You will be around 25 years from now and I probably won't be, but you out to check in and see if it turns out to be right.

DOLE: I think, just, it's reminiscent in a way for those of us who were veterans of World War II, didn't have any money, and they came along with what they called the GI Bill of Rights.

And thousands, hundreds of thousands, millions of us who otherwise would have had no opportunity to go to college or trade school or whatever had an opportunity.

And again, this is in a much -- you know, it's not as vast as that program was. But the president is right, I mean, these are going to be outstanding young men and young women. And hopefully, whoever makes a contribution will keep that in mind.

And just keep on giving until it hurts. In this case, I don't think it will hurt.

UNIDENTIFIED MALE: We'll take one more for the president and Senator Dole.

QUESTION: (OFF-MIKE) demonstrations in Washington against war and for peace, for a peace effort. What is your opinion about them? Do you have anything to say to the people who are demonstrating (OFF- MIKE)?

CLINTON: Yes, I would like to make -- I will make just three brief points, and no one else has asked me about this so I'll -- number one, this is America. And I would just like to ask those people to remember that they're welcome to say whatever they want to say. No one will put them in jail. No one will beat them. I certainly hope no citizen will act wrongly against them.

Jazeera lived in Afghanistan, or if the future of the world of the Middle East was what Mr. bin Laden wants it to be, they would not be able to speak their mind.

CLINTON: They would not be able to have an unconventional view, and Jazeera were women, they would have to be demonstrating with a burqua over their head, and Jazeera opened their mouths, they'd be beaten.

I don't know if you've been seeing the films that many of the networks have been showing, excerpts from "Behind the Veil (sic)."

So I would just ask them to remember that they can say whatever they want to say and do whatever they want to do because this is America. And the people who did this to America would not permit them the same right.

The second thing I'd like to say is, I agree that we should not intentionally bring violence to innocent civilians even in Afghanistan, but it's obvious that the president and the national security team are trying to avoid that.

I think that I could speak for all Americans in saying that I have been very impressed by the fact that they have told us truth, that these were difficult decisions, that the tactical decisions are difficult. And they didn't go off and try to get vengeance and carelessly cause a lot of lives of people who can't help the fact that they're trapped in Afghanistan.

So America has not shown a great deal of bloodlust here. Even in New York, where I have been going to the schools, you know, where the people you would expect to be angriest because they've lost the most, they are very thoughtful about what we should do now.

And I think the peace demonstrators should be reassured by that. You know, our leaders, I think, are approaching this in a very measured way.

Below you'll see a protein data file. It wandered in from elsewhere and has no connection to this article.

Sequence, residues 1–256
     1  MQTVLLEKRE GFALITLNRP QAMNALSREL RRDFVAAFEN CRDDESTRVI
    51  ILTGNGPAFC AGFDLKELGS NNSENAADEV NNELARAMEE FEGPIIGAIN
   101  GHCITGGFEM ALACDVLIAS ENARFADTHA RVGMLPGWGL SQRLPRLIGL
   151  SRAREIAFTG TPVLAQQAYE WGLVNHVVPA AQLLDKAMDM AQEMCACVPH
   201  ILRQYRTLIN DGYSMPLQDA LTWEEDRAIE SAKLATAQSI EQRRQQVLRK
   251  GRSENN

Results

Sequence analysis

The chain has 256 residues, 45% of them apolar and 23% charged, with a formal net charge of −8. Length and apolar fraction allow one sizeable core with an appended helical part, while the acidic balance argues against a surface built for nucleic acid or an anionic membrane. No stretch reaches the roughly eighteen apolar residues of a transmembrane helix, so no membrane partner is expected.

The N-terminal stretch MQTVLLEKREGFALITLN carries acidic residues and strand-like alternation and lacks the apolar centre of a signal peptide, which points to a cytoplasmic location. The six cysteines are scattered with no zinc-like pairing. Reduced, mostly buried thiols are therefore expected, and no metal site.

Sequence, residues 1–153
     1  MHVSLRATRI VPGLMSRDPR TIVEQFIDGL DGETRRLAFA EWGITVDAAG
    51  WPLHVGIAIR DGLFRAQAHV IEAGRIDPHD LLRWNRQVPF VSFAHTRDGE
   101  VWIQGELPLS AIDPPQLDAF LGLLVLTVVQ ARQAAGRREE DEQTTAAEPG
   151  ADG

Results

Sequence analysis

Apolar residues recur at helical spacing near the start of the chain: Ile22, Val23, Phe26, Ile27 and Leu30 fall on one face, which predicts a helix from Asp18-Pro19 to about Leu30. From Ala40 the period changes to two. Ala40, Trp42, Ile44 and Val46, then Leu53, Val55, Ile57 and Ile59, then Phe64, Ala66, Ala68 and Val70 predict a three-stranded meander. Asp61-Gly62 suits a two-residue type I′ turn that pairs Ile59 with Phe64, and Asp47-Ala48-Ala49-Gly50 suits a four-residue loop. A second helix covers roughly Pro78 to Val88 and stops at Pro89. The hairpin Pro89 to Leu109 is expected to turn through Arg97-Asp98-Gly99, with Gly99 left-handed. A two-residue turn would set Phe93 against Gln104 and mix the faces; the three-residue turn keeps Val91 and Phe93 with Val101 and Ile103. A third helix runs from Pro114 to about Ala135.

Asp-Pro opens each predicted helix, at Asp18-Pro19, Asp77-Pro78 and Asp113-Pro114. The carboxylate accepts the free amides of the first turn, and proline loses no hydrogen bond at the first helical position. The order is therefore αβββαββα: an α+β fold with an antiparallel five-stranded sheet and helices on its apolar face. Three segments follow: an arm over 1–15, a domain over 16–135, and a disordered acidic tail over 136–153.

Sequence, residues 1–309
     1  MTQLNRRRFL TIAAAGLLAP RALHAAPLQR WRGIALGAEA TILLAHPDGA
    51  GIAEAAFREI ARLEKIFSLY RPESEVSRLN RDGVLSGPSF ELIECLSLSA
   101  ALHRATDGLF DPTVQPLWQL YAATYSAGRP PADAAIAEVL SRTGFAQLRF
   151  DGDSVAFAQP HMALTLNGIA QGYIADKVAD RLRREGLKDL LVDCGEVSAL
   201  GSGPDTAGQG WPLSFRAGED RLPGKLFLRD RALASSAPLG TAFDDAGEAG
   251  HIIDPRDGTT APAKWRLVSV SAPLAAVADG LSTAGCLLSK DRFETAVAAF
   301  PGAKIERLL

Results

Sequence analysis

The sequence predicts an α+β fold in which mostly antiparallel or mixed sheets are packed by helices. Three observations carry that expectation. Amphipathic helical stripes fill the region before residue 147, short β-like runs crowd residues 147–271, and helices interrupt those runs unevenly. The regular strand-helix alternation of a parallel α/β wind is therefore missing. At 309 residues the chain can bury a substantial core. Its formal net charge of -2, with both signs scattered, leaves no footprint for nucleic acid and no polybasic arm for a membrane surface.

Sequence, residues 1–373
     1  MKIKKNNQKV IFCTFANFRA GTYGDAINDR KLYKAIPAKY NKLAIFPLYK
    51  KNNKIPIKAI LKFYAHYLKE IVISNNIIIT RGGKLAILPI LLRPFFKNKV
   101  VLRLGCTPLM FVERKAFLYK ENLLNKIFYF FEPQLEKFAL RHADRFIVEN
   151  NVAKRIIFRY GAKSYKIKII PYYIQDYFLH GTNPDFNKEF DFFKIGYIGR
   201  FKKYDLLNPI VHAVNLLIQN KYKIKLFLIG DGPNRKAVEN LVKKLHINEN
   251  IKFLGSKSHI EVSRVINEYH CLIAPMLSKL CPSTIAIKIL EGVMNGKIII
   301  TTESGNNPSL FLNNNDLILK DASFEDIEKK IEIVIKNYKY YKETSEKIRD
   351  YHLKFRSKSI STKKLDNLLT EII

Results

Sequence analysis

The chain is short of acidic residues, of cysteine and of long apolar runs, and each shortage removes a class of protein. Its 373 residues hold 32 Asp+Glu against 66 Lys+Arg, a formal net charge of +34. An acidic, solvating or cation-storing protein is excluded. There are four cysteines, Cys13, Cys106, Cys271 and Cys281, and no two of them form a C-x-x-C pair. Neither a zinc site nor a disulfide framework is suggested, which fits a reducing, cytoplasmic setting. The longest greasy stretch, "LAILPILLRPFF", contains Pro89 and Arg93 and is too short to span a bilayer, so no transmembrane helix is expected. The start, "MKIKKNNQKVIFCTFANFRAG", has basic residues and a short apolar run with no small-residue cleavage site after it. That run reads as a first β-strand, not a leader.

And the final thing I would like to say is, these decisions are hard enough, and I think insofar as we can, we should continue to be a unified nation. Because I promise you the violence will not stop if we walk away from it.

Peace requires two sides. Just like a fight requires two sides, peace requires two sides too.

And so, you know, I think most Americans will continue to be united behind the president and the direction we're taking. And I think that, you know, America has acted like anything but a warmonger in this.

We're just trying to do the right thing long term against a very serious threat, not just to Americans but to what we think about human nature and truth and hope people should live.

Do you want to say anything about that?

DOLE: No, I don't disagree with anything President Clinton said. I think there has been a demonstration of prudence and patience, and we have no desire to harm or kill or otherwise cause any problems for innocent victims anywhere. And I think that's always been the American thinking for those who have this tremendous responsibility.

Collateral damage will probably happen. Some of it you can't avoid, but it certainly -- and I agree with President Clinton and also President Bush, because I understand there were some urging an immediate response -- "Do it now; make you feel good" -- but that was declined fortunately, and I think now we're on a proper path.

And I would also say as we're talking about people in need, don't forget the Afghan people. I mean, millions are already fleeing for the border. They don't represent or reflect the views of the Taliban or bin Laden. They're human beings with children who probably haven't had a meal in a week.

And so the United Nations is stepping forward in that effort. Our own government authorized, I think, $25 million yesterday, which is not nearly enough, but it's a start. There are going to be a lot of innocent people involved in this process that we're going to have to reach out to.

And America is always there. We're always there, generally first, generally with the most because we have the capacity and the resources.

KING: You're seeing here handshakes, former president Bill Clinton, former senator Bob Dole, campaign rivals back in 1996, joining together now to announce a new scholarship fund, a $100 million effort, the Families of Freedom Scholarship Fund, that money to be raised would go to the children and the spouses of the victims of the Twin Towers attacks in New York and over at the Pentagon.

Both men also, at the end of the question and answer period, applauding President Bush's leadership, urging Americans to be tolerant of Arab Americans and others in this country, both saying they believe the president was on the right path, "a measured response" was the words of former president Clinton.